Miss Clewes is a recent addition to Godmersham, having been engaged by Fanny as governess for her little sisters only a few months ago. In this capacity, Miss Clewes follows a succession of unfortunates, both old and young, who have attempted to earn their bread by imposing order in Edward’s chaotic nursery in the years since Elizabeth’s death. I do not dislike Miss Clewes; indeed, I pity any woman whose circumstances are so sadly left that she must secure a respectable position in a genteel household—for governessing is in general an unhappy lot. I know full well that without the excessive generosity of my brothers, my sister, Cassandra, and I might well have been forced to a similar servitude—existing in that wretched limbo between serving hall and drawing-room, never comfortable in either sphere and despised as imposters by both. Instead, we two have been sustained by the funds contributed yearly by our excellent brothers—and by Chawton Cottage itself, which Edward was so good as to make over to our use. Tho’ we possess no carriage and set up no stable, tho’ we scheme and contrive to dress in a respectable ape of fashion, we four women—for I count my mother and my fellow lodger Mary Lloyd in this—are blessedly fortunate. The luxury of being free from want has allowed me to indulge the frivolity of writing. That I have been able to command a minor independence, from the monies secured by the sale of my novels, is but an added comfort. Miss Clewes was never so lucky.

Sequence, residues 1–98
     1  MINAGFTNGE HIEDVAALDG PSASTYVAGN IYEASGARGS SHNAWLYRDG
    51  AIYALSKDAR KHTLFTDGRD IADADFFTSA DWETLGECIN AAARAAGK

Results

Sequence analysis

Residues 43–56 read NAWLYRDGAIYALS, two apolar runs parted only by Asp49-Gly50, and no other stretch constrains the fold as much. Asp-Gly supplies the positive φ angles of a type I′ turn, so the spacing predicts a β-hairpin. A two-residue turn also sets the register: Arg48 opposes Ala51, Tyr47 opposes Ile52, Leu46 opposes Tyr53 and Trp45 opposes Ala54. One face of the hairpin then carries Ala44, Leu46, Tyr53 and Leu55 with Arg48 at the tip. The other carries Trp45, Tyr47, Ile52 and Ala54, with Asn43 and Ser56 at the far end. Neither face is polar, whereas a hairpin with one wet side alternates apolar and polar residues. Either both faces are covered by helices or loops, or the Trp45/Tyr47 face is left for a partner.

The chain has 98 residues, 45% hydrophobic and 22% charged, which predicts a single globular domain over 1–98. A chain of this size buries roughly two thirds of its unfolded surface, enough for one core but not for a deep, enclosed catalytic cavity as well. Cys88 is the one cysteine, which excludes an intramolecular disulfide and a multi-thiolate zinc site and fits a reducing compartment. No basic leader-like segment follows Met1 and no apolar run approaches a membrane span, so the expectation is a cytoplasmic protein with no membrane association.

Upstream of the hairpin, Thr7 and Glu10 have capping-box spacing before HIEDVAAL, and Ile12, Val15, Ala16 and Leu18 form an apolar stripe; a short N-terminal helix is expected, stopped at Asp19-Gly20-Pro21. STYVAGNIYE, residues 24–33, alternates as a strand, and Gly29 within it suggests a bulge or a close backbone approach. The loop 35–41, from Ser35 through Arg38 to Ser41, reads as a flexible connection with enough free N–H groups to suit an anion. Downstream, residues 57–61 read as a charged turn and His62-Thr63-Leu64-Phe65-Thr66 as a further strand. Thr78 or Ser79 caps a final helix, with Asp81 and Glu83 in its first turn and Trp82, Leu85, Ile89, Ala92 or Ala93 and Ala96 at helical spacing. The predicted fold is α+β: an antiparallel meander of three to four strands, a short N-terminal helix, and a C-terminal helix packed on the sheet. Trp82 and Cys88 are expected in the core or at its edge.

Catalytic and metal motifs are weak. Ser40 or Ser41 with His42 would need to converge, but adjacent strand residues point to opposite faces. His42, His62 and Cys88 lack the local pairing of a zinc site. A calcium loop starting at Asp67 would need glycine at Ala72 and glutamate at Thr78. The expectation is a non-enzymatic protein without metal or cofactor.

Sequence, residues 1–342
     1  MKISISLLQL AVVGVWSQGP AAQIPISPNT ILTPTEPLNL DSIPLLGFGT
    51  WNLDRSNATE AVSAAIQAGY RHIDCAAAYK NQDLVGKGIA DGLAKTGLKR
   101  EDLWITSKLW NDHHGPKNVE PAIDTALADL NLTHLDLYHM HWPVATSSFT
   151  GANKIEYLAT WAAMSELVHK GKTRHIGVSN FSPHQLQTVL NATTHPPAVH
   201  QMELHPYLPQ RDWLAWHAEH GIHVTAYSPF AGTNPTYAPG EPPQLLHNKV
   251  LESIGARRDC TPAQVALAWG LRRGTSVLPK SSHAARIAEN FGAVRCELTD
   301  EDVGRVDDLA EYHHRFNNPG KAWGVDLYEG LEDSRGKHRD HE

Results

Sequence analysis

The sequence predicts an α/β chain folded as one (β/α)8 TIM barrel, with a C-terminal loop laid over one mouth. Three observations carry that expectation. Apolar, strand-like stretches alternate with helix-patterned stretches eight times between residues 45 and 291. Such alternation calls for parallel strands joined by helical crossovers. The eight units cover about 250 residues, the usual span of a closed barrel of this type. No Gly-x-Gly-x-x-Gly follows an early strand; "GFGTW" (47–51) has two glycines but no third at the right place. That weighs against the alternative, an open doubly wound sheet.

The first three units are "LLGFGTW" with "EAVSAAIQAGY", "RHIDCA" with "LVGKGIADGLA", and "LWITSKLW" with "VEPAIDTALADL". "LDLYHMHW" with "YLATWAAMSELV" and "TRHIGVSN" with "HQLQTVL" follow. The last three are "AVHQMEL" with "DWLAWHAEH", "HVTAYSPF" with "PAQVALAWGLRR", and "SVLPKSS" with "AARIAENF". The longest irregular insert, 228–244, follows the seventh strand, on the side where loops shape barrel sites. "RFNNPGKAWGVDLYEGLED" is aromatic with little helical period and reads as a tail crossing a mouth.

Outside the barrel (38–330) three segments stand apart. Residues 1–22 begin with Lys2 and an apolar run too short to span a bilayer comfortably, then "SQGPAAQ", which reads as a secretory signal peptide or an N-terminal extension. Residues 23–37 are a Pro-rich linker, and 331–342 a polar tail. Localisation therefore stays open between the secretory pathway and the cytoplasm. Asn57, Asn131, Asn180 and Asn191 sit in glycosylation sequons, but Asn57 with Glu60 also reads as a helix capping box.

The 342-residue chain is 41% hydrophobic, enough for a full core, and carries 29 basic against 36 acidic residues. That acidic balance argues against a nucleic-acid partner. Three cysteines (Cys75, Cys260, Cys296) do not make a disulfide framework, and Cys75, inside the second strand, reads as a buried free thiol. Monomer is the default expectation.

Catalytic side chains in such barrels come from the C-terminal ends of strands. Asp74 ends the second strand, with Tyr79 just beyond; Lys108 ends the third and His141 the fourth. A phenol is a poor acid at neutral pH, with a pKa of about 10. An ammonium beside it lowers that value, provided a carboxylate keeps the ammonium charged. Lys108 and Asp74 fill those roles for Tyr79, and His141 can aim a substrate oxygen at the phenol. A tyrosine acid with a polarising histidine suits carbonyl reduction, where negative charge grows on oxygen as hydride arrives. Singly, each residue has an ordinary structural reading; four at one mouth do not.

Some awareness of the similarity, and quelling difference, in our circumstances encouraged me to answer her cheerfully now, when I might have lashed out with impatience. Miss Clewes is too prone to die-away airs for my taste; and tho’ not unintelligent, her volubility cannot serve to recommend her sense. A silly but well-intentioned creature without a particle of harm in her—that is Miss Clewes. Or so I was thinking, until she uttered the fatal sentence that must banish all charity.